Cleveland Council seeks to slow down possible E. Cleveland merger process

The city of Cleveland needs to compile a massive amount of information before it can decide whether to pursue a possible annexation, merger with or marriage to financially-strapped East Cleveland.

Council members started discussing their concerns in a Monday caucus session.

Council President Kevin Kelley said the city must get a handle on the city's finances, liabilities and infrastructure.  

Kelley stressed that a merger would require million of dollars from the State of Ohio or other source to cover the cost of needed repairs and capital improvements in East Cleveland.

Once Cleveland Council would decide to appoint three members to a joint panel with East Cleveland appointees to study the issue, there would be 30 days to collect needed information, according to a blueprint drawn up by East Cleveland.

"You can't do it in 30 days, " Kelley said.

Cleveland residents are already expressing concerns about a possible merger.

Council Mike Polensek said his constituents are worried assuming East Cleveland's problems would hurt already deficient services in Cleveland.

"We can't deliver the kind of quality services we need to now...By taking responsibility for East Cleveland, what does that do? Pull us both down, " he asked.

Councilman Kevin Conwell's Glenville community borders East Cleveland.

He is getting the same residents' message.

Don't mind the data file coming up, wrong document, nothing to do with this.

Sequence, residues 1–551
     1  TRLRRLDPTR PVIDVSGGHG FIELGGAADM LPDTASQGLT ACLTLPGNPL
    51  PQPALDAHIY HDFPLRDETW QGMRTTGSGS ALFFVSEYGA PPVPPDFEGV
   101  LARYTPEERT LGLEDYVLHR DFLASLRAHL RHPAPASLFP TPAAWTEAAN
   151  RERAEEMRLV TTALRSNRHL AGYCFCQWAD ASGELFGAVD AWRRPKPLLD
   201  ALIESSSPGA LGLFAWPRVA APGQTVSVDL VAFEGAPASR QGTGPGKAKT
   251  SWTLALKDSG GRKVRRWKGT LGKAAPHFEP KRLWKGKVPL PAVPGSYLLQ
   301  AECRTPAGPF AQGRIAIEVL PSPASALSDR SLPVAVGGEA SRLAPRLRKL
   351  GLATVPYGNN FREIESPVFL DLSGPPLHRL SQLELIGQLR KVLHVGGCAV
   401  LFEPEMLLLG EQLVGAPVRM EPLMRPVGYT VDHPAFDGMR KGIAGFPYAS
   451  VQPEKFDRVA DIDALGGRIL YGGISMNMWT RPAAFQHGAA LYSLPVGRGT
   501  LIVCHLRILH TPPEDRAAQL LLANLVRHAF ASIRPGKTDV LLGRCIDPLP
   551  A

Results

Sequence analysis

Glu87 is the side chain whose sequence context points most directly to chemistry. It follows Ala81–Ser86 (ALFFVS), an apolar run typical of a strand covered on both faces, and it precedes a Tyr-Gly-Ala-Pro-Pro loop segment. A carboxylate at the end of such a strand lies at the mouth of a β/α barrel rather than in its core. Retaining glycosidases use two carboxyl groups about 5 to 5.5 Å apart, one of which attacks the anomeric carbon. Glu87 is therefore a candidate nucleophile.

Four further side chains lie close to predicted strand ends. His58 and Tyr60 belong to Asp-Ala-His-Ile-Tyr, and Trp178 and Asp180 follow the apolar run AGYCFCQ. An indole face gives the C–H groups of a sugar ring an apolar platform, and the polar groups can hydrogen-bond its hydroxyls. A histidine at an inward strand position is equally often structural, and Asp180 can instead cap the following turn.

"You can't even talk with them about merging with East Clevland until you build up Ward 9, make it a better place, " Conwell said.

All council members want to make sure they get a complete and accurate picture of how the merger would impact Cleveland and it's residents.

Councilman Zack Reed believes combining would ultimately be to the betterment of both cities, but agrees thorough information is needed.

"You can't let East Cleveland continue to wander out there in the wilderness. Cleveland has a responsibility to the region, " Reed said.

Cleveland is still waiting for East Cleveland Council to submit its resolution appointing panel members and terms to keep the process going.

Cleveland could begin gathering it's information before that happens, thereby getting more time for the study.

It's likely an accountant, engineer and lawyer will be among panel appointees.

The decision to merge or not would have to be approved by voters in both cities.

Meantime East Cleveland residents will have a December recall election deciding whether to keep their mayor and council president who are merger supporters as the long  annexation drama plays out.

 


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